The dollar shot higher versus the euro Friday morning as investors worried that the "stress tests" on European banks were not stringent enough.
The results of the tests will be released Friday at noon EDT.
Regulators decided to release the stress tests for 91 European banks to try and reassure investors worried about the hit to the banking system from the deteriorating economic growth and debt crisis in several countries that use the euro.
In morning trading in New York, the euro slid to $1.2830 from $1.2895 late Thursday. It had earlier in the session risen to nearly $1.30.
There are reports that the tests will not factor in worst-case scenarios of a default on sovereign debt by Greece, Portugal or Spain, and will calculate the costs of a debt restructuring in a way that doesn't fully capture the damage to a bank's balance sheet, said currency analyst Win Thin of Brown Brothers Harriman.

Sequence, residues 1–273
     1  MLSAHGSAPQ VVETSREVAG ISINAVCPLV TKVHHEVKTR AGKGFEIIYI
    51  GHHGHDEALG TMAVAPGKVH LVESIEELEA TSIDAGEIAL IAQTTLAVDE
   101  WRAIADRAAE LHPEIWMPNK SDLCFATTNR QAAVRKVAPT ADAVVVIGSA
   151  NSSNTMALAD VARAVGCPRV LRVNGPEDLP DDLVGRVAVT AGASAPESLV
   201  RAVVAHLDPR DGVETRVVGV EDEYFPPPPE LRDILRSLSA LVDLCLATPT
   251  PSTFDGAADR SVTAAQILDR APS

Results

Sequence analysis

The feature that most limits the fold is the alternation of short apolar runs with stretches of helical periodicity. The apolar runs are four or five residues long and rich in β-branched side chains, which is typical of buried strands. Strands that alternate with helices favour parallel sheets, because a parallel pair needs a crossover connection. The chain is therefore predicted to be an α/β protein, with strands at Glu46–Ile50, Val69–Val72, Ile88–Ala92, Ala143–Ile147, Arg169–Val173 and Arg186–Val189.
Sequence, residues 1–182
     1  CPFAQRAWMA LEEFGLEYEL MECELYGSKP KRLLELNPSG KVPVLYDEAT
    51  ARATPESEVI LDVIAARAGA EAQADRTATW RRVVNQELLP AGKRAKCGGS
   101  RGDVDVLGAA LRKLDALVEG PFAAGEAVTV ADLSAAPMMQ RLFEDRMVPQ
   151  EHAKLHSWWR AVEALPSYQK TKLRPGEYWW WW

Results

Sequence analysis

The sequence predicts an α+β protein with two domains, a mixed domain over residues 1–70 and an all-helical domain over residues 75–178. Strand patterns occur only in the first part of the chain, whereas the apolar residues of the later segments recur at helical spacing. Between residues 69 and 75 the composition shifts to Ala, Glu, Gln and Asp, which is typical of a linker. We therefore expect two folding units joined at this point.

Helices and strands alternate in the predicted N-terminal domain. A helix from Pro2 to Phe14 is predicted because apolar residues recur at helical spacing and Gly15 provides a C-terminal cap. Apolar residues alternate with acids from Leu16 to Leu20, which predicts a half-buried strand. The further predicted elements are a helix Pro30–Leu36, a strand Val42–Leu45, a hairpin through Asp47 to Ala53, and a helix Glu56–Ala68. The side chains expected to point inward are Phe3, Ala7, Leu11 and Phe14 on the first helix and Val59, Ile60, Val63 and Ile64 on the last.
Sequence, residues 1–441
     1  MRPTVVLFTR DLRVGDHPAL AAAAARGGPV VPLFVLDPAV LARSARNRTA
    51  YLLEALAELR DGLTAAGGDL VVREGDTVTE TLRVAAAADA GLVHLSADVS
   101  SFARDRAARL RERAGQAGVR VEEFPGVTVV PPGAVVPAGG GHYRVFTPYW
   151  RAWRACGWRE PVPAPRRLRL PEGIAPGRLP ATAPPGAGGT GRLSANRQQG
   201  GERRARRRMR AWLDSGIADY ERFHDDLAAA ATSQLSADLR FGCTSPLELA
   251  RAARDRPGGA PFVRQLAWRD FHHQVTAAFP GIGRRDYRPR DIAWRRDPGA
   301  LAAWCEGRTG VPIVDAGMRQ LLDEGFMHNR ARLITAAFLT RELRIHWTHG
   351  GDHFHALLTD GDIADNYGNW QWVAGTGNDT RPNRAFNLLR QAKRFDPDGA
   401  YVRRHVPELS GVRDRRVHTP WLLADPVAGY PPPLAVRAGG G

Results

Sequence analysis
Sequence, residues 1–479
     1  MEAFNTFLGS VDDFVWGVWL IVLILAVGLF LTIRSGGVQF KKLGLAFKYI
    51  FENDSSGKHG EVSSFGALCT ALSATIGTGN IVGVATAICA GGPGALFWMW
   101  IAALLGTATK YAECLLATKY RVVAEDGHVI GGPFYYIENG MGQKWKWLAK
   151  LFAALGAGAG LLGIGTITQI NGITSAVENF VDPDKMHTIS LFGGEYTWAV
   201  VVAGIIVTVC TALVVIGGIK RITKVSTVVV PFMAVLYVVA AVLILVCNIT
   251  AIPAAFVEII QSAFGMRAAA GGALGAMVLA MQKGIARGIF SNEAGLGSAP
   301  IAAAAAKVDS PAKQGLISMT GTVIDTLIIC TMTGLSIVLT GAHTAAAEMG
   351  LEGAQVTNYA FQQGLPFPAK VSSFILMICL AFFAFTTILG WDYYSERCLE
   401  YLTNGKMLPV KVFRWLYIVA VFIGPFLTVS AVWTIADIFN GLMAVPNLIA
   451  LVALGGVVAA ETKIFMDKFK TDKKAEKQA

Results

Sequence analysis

"Questions about the objectivity of the tests will raise doubts over the solvency of the banks," said Ashraf Laidi, chief market strategist of CMC Markets in London, in a research note.
In other trading Friday, the British pound rose to $1.5355 from $1.5267 after the government said the British economy grew 1.1 percent in the second quarter, stronger growth than had been expected.
The dollar rose to 87.23 Japanese yen from 87.01 yen and gained to 1.0515 Swiss francs from 1.0433 francs. It also rose to 1.0415 Canadian dollars from 1.0368 Canadian dollars.
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